[Haskell-cafe] Correspondence between libraries and modules

Ben Franksen ben.franksen at online.de
Tue May 8 00:16:49 CEST 2012

Alvaro Gutierrez wrote:
> I've only dabbled in Haskell, so please excuse my ignorance: why isn't
> there a 1-to-1 mapping between libraries and modules?
> As I understand it, a library can provide any number of unrelated modules,
> and conversely, a single module could be provided by more than one
> library. I can see how this affords library authors more flexibility, but
> at a cost: there is no longer a single, unified view of the library
> universe. (The alternative would be for every module to be its own,
> hermetic library.) So I'm very interested in the rationale behind that
> aspect of the library system.

I am probably repeating arguments brought forward by others, but I really 
like that the Haskell module name space is ordered along functionality 
rather than authorship. If I ever manage to complete an implementaton of the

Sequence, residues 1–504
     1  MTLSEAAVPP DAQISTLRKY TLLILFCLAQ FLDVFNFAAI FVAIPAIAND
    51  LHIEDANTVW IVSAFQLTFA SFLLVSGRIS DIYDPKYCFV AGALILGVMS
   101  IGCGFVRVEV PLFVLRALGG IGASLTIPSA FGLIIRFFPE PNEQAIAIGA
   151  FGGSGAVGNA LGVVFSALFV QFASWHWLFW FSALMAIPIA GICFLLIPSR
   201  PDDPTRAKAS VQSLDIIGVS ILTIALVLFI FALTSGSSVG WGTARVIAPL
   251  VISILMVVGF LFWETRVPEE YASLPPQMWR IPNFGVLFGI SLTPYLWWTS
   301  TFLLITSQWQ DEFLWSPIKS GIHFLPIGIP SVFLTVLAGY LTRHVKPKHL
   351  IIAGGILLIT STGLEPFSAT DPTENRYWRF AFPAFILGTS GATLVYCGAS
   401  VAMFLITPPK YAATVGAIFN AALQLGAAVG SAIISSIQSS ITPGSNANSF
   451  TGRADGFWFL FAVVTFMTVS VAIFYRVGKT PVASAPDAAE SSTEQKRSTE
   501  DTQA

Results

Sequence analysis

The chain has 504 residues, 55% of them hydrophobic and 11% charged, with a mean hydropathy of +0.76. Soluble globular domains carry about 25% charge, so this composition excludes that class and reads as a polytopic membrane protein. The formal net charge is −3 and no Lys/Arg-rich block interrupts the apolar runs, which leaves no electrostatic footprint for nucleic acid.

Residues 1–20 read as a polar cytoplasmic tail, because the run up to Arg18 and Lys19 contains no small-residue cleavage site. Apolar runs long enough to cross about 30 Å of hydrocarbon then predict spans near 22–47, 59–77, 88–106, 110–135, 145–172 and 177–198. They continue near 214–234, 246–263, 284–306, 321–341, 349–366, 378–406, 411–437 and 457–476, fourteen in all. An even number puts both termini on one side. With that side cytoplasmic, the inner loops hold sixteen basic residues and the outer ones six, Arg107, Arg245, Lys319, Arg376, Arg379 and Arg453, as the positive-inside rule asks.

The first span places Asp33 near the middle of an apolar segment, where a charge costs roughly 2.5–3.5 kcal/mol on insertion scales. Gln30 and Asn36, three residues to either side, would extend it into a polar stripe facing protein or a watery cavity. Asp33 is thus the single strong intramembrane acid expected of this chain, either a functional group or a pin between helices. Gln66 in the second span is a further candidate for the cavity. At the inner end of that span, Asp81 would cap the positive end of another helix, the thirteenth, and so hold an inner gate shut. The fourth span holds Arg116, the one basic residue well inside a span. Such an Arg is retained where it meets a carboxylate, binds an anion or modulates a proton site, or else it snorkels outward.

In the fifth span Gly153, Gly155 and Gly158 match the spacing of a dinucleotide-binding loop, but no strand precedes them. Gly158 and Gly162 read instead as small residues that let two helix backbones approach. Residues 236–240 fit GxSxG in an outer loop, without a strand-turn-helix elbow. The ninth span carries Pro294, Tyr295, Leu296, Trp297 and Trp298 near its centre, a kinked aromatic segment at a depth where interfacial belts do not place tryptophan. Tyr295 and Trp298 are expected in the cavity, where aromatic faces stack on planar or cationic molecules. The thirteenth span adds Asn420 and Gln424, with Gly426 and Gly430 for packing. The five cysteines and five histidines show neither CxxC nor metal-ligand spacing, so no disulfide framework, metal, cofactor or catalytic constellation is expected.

EPICS pvData project in Haskell, it will certainly inherit the Java module 
naming convention and thus will contain modules named Org.Epics.PvData.XXX, 
*but* if I need to add utility functions to the API that are generic list 
processing functions they will certainly live in the Data.List.* name space 
and if I need to add type level stuff (which is likely) it will be published 
under Data.Type.* etc. This strikes me as promoting re-use: makes it far 
easier and more likely to factor out these things into a separate general 
purpose library or maybe even integrate them into a widely known standard 
library. It also gives you a much better idea what the thing you export is 
doing than if it is from, say, Org.Epics.PvData.Util. Finally, it gives the 
package author an incentive to actually do the refactoring that makes it 
obvious where the function belongs to, functionally.


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